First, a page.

This is cherry-picking in its most galactically out-of-control form. A single data point is chosen (a cool day here, now; a snow ball on the Senate floor) and held up as a conclusive refutation to the staggering mountains of evidence, derived through numerous independent lines of inquiry, that have established the reality of AGW. A more careful – likely enough, calculatedly deceitful – act of cherry-picking was the case of the illegally obtained emails from the Hadley Climate Center in East Anglia University. Words and phrases from those emails were cherry-picked out of context, and then presented as though they were evidence of an ongoing conspiracy to suppress “The Truth.” The histrionics that denialists manufactured around these emails have been repeatedly demonstrated to be total bunk. But the damage was done. The cherry-picked statements were sufficient to reinforce the confirmation bias of the credulous and the ideological in their conviction that AGW was just a grand fraud to undermine capitalism and democracy. It has taken years to regain any momentum in the arena of policy and public will to implement any meaningful action on climate change.
Now, clearly cherry-picking is not something that is limited to just and only the science of AGW. Indeed, any situation that involves a large number of data-points in complex (and, frequently enough, statistical) relational structure, will be open to having those data-points cherry-picked. Thus, for example, Fox News was recently accused of cherry-picking data regarding the increase of the minimum wage in the Seattle area. The network presented its information in a way that seemed to indicate that the increase in the minimum wage was leading to a decline in business and employment in the restaurant industry. However, the claim as presented was faulty on multiple levels. For one thing, the decline was less than 1% of total employment in this particular business sector, and not so substantial that it would stand out from ordinary business cycles in what is, after all, a highly volatile industry. For another, the decline was only measured in the city of Seattle itself, and not in the greater Seattle-Tacoma metro area, where the wage increase is occurring (hence, the decline was chosen from a non-representative sample). Thirdly, overall employment throughout that greater metro area continues to rise. Moreover, other studies indicate no connection between this slight drop in the restaurant industry and the wage increase – indeed, many restaurateurs indicate that not only are they unconcerned about the increase, but they are looking to expand their businesses.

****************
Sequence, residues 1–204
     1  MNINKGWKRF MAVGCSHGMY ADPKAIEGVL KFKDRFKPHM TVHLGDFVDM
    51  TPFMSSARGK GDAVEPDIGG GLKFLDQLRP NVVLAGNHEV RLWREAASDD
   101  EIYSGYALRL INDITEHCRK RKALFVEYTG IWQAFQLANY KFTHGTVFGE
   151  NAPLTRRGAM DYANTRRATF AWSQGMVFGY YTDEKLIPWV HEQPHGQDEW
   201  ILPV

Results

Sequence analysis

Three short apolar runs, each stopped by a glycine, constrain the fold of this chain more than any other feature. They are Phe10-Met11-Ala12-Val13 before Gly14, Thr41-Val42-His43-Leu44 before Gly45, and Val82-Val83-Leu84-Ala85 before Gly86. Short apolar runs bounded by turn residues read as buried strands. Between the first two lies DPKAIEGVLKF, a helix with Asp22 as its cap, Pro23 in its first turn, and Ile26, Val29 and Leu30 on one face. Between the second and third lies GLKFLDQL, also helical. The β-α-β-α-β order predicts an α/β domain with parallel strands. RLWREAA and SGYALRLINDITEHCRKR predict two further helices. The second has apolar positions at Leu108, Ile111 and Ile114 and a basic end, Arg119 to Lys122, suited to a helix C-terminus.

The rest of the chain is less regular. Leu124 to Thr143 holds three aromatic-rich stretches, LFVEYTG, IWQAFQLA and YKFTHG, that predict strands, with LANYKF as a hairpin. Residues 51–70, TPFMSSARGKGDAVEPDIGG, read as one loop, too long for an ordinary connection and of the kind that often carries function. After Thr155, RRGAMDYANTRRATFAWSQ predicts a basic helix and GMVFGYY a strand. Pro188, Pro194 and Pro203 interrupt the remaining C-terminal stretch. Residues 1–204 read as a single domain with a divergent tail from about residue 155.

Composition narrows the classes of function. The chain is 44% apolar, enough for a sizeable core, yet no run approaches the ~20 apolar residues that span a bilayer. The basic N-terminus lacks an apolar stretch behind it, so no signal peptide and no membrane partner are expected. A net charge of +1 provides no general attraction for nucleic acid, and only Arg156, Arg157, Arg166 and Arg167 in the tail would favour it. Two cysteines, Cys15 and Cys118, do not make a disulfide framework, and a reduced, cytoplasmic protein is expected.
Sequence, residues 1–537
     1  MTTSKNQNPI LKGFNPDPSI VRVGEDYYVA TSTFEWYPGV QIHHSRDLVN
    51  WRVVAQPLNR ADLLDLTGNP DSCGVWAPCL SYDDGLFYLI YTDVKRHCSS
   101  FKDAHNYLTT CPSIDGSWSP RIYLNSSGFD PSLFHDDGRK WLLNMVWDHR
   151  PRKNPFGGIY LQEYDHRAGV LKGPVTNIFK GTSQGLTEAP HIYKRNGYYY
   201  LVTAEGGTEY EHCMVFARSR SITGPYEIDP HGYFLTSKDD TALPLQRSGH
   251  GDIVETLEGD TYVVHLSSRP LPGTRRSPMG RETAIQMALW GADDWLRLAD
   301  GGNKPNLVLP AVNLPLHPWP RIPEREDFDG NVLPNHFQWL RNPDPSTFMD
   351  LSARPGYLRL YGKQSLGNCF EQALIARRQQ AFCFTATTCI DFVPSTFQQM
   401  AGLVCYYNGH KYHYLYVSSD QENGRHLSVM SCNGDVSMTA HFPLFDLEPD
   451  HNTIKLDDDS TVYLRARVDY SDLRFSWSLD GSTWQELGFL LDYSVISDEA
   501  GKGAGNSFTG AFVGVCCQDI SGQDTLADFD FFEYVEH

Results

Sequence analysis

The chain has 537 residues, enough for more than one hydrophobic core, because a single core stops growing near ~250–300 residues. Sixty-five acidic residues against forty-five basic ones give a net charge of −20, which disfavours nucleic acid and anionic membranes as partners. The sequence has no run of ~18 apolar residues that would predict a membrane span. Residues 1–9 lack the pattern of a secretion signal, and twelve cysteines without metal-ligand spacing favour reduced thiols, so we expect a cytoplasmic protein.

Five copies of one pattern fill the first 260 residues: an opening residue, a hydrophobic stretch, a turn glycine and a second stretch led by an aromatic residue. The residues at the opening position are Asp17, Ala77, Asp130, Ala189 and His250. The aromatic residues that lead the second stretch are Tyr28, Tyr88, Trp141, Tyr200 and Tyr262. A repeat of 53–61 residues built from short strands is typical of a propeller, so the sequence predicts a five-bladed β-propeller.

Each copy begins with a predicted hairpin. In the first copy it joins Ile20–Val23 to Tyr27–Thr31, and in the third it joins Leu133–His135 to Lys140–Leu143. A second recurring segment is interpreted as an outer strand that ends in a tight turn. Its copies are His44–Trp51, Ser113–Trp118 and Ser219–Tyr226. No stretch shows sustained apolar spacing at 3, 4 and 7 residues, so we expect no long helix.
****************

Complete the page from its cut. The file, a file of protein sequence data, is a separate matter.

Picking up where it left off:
(As a side note, we might add that here we see the tendency for informal fallacies to come in clusters or clumps. By asserting a causal connection between the slight decline in restaurant employment and the wage increase, Fox may also be guilty of committing a post hoc, ergo propter hoc fallacy.)
How then might we classify cherry-picking within the broader taxonomy of fallacies? As noted above, there seem to be connections between cherry-picking and various statistical errors as well as confirmation bias. But these connections do not seem to be such that one might subsume one of the related items under the heading of the other as a specialized case. A more appropriate move would be classify cherry-picking under the very general heading of the ignoratio elenchi, which is to say, the red herring fallacy. A red herring is committed when the premises do not logically lead to the conclusion that is presented, yet the fault is not traceable to an exclusively linguistic problem such as ambiguity. In the case of cherry-picked data, the information will typically be clear enough. The problem, rather, is that the data is not genuinely representative of some relational whole (where, again, “representative” need not be specifically or exclusively statistical in nature.)
Two last points might be made here. First, this is, perhaps, not as satisfying a classification as one might wish for, as the red herring embraces a very large family of logical errors. The second is that I may be overly delicate here in separating cherry-picking from explicitly statistical errors. Perhaps, with further consideration, it might be argued that there simply are no genuinely non-statistical acts of cherry-picking. I am not invested in the answer to this question one way or the other, and so have elected to take the broadest perspective possible.